Consumer Headlines: February 22, 2017
‘The Learning Tree’
Mount Airy resident Barbara Bloom was intrigued by the concept of neighbors teaching neighbors. When she and and a core of dedicated volunteers started the Mount Airy Learning Tree (MALT) 35 years ago to do just this, they didn’t have a clue how popular the organization’s mostly evening and weekend classes would become
Meditation is an ancient mind and body practice that is estimated to date back as far as 5,000 B.C. Most forms of meditation Most share the practice of concentrated focus upon a sound, object, visualization, the breath or movement in order to increase awareness of the present moment – a state called mindfulness – as well as to lower stress, promote relaxation, and enhance personal and spiritual growth.
Highlighting a black war hero
Noah Lewis always had an interest in history and in learning more about his African-American heritage. But it was his late wife Mary’s example as a teacher and volunteer classroom aide that led the biomedical technician to become a professional Revolutionary War re-enactor full-time.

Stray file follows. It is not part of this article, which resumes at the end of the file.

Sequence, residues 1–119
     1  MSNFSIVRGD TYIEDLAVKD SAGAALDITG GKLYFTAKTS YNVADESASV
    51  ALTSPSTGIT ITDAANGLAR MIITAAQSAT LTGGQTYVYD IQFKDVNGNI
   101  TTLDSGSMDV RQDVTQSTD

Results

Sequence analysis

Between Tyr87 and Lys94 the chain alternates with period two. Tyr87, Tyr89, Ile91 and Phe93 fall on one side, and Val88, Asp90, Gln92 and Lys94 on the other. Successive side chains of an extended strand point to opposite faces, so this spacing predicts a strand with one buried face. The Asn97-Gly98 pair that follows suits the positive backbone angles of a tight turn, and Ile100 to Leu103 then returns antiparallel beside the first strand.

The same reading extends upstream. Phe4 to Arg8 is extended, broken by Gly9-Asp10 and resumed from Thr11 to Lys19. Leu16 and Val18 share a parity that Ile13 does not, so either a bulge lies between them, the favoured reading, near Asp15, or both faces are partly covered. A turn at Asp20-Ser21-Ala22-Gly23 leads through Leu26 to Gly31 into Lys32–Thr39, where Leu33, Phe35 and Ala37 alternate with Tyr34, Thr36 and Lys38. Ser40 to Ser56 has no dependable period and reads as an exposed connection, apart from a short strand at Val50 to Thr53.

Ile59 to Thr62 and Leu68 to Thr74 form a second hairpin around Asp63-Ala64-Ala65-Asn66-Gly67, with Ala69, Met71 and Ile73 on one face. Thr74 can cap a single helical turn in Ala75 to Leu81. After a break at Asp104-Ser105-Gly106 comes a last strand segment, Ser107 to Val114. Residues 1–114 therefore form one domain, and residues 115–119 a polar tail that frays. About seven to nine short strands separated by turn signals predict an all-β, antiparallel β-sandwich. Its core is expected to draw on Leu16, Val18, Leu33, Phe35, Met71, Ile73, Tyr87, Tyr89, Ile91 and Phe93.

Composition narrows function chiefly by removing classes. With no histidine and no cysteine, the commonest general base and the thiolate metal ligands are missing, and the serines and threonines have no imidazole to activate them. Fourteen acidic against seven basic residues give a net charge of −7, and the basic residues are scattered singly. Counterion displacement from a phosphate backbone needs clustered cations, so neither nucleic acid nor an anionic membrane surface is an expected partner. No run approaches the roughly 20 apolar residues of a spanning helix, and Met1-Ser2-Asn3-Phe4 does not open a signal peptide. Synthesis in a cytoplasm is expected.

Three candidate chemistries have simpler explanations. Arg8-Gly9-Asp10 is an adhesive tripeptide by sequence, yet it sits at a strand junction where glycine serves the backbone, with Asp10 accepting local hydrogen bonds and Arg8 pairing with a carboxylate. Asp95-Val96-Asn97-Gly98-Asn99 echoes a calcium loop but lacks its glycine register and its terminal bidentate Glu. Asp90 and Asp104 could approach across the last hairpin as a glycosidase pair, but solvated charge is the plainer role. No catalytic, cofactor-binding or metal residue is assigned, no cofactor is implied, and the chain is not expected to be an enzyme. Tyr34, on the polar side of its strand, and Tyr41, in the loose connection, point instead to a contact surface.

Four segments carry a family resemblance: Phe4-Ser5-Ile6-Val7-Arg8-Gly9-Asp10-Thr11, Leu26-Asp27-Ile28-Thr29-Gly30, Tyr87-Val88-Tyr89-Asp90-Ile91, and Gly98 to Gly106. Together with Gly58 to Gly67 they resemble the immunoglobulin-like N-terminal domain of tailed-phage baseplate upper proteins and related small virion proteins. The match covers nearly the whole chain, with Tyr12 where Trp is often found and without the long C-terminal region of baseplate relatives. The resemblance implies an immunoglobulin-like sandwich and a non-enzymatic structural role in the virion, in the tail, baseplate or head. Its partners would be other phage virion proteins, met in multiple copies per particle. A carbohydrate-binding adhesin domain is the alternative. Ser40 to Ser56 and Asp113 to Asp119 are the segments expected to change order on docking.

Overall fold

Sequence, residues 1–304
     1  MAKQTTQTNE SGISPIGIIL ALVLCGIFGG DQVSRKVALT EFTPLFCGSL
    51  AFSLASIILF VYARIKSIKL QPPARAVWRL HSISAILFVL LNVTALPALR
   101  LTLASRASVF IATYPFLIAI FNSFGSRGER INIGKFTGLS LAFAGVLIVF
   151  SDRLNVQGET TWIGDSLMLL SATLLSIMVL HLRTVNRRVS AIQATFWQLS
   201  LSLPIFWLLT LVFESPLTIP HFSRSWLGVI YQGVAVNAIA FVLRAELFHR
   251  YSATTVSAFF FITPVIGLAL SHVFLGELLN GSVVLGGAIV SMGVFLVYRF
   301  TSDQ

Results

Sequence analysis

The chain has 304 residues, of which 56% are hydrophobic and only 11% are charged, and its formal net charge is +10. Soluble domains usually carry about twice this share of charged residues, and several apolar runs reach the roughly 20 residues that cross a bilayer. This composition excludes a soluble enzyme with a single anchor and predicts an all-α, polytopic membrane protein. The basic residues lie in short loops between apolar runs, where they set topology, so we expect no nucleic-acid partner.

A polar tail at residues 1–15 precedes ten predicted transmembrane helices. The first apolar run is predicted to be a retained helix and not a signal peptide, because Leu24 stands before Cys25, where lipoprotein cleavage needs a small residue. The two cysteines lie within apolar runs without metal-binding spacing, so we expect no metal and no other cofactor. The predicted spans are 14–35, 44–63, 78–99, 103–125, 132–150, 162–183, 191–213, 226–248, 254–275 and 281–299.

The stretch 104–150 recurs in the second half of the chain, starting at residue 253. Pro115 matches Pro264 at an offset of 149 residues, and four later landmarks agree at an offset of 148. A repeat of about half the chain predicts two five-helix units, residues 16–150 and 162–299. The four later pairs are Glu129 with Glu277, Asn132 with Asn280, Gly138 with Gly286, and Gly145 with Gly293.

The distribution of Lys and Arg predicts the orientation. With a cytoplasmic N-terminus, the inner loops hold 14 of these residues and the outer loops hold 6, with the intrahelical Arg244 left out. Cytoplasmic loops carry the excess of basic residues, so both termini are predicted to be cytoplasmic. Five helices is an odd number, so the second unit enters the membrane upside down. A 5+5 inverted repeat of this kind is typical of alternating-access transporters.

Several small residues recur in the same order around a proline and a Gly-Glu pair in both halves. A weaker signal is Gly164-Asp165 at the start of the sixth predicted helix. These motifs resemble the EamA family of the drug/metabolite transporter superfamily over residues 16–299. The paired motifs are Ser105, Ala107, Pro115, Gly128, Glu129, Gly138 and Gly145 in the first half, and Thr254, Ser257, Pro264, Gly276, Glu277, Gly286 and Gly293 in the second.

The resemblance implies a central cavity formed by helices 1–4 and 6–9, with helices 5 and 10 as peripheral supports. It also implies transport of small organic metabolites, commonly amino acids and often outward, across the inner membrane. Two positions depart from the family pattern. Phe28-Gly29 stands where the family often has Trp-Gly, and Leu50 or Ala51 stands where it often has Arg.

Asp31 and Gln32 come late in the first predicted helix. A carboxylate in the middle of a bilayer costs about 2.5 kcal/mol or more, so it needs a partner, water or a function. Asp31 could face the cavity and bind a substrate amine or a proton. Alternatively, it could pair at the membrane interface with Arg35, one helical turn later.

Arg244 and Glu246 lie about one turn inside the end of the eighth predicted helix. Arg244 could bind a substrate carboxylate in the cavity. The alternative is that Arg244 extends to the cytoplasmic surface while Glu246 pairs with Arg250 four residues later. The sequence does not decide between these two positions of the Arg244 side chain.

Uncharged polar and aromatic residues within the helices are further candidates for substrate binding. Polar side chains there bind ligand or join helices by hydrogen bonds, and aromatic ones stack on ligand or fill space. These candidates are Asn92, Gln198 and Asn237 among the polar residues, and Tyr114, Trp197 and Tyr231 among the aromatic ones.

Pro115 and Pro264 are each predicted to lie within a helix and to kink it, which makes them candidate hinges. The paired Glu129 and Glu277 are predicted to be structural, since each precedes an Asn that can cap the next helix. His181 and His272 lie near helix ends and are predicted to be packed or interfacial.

Enjoy lighter comfort food
You don’t need all the fat, sugar and carbohydrates often associated with comfort food to replicate the good feeling such dishes engender. By using a slow cooker, you can infuse dishes with flavor and enjoy the comforting aroma of home cooking wafting through your home for hours. Here are a few recipes that are packed with protein and fiber but not a lot of fat or calories.
Consumer Headlines: February 15, 2017
Engage your body, brain
Dr. Dan Gottlieb, an internationally renowned psychologist and host of WHYY-FM’s “Voices in the Family,” will discuss “Cultivating Compassion for Our Aging Bodies” as part of Philadelphia Corporation for Aging’s (PCA) 6th annual Senior Education Day. The event, which includes a total of seven sessions to choose from, will be held Saturday, March 18, from 12:30 to 4:30 p.m. at PCA, 642 N. Broad St.
Diabetes poses heart, stroke risks
In recent years, the American Heart Association has identified diabetes as one of the seven major, controllable risk factors for cardiovascular disease. Adults with diabetes are about 50 percent more likely to die from a heart attack than adults without diabetes, according to a study of 700,000 people conducted over 10 years by the University of Leeds in England.
Consumer Headlines: February 8, 2017